Author: Lote Steina
One of the most remarkable turns of events in the last few centuries has been humanity’s escape from the clutches of hunger. For thousands of years starvation and malnutrition plagued every society. Nowadays, however, we live in an era in which obesity, diabetes, and cardiovascular diseases seem to be a greater public health enemy than hunger. Indeed, now that food is so abundant and diverse we tend to see feeding ourselves as a means to an end not an end of itself.
If there is one thing to remember, it is that you are what you eat. Even if your goals are not nutrition-oriented, it is best to power the main goal achievement tools (your body and mind) with the things that are most likely to supercharge your batteries.
In this blog post I will outline some dietary principles that could significantly boost your productivity and overall energy levels as well as prevent rapid mood swings. I will also give a couple of examples of what productivity-boosting meals might look like.
Just a discretionary note before we start. I am not a nutritionist and if you have allergies, special dietary needs, or intense exercise regimens, you might want to consult an expert. In addition, not all of our bodies function or are built the same way, so there may not be a universal recipe. Nevertheless, the principles and good practice outlined in this article can serve the average reader well.
We all know the basics, right? Balanced intake of macronutrients (proteins, carbs, and fats) is at the foundation of a successful diet. While “If it fits your macros” fans may be vindicated by this statement, it is not that simple.
For your body and mind to truly prosper and perform above and beyond, you should also try to consume the right kinds of fats and carbs. For example, you can theoretically hit the right macronutrient ratios by eating white bread and eating deep fried steaks, but no dietary expert in their right mind would suggest such a diet. Instead you should try to take in all the necessary nutrients including minerals, fibers, vitamins, and water, as well as aim for the best types of carbs and fats you can get.
So what to remember for healthier munching? Here are the key principles:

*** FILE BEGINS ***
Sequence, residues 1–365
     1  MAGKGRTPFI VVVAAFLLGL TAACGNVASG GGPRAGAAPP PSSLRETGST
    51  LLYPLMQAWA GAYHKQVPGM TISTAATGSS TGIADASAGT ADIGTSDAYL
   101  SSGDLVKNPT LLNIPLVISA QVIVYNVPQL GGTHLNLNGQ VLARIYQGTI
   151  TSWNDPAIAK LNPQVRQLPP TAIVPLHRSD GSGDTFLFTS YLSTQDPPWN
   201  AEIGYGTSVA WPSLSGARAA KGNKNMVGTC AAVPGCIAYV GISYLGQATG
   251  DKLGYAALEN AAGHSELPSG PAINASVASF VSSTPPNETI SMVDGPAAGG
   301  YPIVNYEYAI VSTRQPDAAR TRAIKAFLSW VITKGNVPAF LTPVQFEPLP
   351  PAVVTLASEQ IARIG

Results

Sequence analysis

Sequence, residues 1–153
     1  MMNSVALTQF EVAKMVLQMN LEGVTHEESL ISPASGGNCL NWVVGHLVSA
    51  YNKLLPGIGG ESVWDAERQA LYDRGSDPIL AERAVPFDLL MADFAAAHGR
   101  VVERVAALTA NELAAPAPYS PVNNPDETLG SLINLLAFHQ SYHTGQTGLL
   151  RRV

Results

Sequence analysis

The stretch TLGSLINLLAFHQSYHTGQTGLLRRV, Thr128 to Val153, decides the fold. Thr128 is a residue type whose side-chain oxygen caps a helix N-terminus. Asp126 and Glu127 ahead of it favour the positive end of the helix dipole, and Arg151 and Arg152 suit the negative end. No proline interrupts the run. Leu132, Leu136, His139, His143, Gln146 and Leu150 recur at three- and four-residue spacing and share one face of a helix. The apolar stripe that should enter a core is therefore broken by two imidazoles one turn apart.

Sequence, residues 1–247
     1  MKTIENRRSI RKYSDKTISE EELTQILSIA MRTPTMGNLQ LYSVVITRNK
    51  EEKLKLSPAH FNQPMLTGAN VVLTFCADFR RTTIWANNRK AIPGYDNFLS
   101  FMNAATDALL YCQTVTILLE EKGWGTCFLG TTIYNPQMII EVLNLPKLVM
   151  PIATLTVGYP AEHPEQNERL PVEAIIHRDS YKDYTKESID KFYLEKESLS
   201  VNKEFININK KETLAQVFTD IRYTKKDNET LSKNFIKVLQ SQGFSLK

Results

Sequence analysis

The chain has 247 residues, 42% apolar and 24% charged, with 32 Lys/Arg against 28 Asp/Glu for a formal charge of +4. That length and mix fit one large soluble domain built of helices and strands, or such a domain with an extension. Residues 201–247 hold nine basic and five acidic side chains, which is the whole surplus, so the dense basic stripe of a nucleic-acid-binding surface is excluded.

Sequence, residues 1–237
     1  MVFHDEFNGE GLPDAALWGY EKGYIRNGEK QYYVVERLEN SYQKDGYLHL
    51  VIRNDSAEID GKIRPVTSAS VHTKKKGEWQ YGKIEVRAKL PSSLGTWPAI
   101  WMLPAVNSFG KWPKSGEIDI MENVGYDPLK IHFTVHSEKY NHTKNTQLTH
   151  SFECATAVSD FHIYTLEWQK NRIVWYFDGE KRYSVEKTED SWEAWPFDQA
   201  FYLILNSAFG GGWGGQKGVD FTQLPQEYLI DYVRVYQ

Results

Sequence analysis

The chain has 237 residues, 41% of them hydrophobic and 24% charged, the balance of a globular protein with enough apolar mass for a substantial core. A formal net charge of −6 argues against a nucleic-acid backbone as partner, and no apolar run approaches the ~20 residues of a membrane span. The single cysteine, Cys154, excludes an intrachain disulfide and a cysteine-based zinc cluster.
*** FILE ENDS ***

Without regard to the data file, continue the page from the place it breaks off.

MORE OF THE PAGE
Blame the carbs! While carbs are one of the key macronutrients, they are also the most problematic. Our diets are oversaturated with them as processed sugars and all sorts of dough seem to be ubiquitous. As we consume simple carbs, our insulin levels rise overwhelming our brains with sleep hormones. Ever thought why you feel so sleepy after pasta? What’s worse is that our busy work schedules seem to encourage us to grab a quick bite rich in carbs to get back to work ASAP only to end up being less productive and attentive, work longer hours, and continue eating easy-to-make carbs. A textbook vicious cycle. Don’t get me wrong – carbs are indispensable, but instead of constantly munching on pasta and recharging your afternoon batteries with fistfuls of M&Ms, eat fruits, veggies, and whole grain products (i.e. products rich in fiber that will keep your energy levels stable and yourself satiated for longer).
Breakfast matters. The necessity of breakfast has become somewhat of a heated argument. Regardless of whether you eat breakfast or not, it is more or less clear that it is better for your concentration, memory, and overall productivity to have a proper breakfast. The logic here is pretty straightforward – the brain is the organ that consumes the most energy. Without breakfast your body goes into energy saving mode and the good old brain slows down accordingly. It is not about whether you should or shouldn’t eat breakfast. All of that is up to you. It’s just that Biology 101 argues that it’s the best call if you have a mentally challenging day ahead.
Frequent meals. Following the same principle outlined above, don’t let your brain run out of energy throughout the day! Better to have small, frequent meals to top your brain up than two giant meals that are likely to end up overwhelming it and make you sleepy. As mentioned above, try to avoid the overuse of carbs during those meals (especially sugary snacks and bread). Veggies, nuts, fruits are the best options for your snacks between the three primary meals. Think about it like a bonfire – you light it up in the morning and add a small piece of wood and kindling every once in a while throughout the day to keep it burning.
8 glasses of water a day. Practically every life form out there requires water to survive and prosper. Just mild dehydration (1-3% fluid loss) will impact our moods and lead to significant reductions in memory, brain, and physical performance. Water maintains the balance of all bodily fluids which in turn help our bodies to digest, absorb, circulate, and transport nutrients as well as maintain body temperature. Given all these benefits (or potential problems) taking a regular sip from your trusty water bottle seems worthwhile.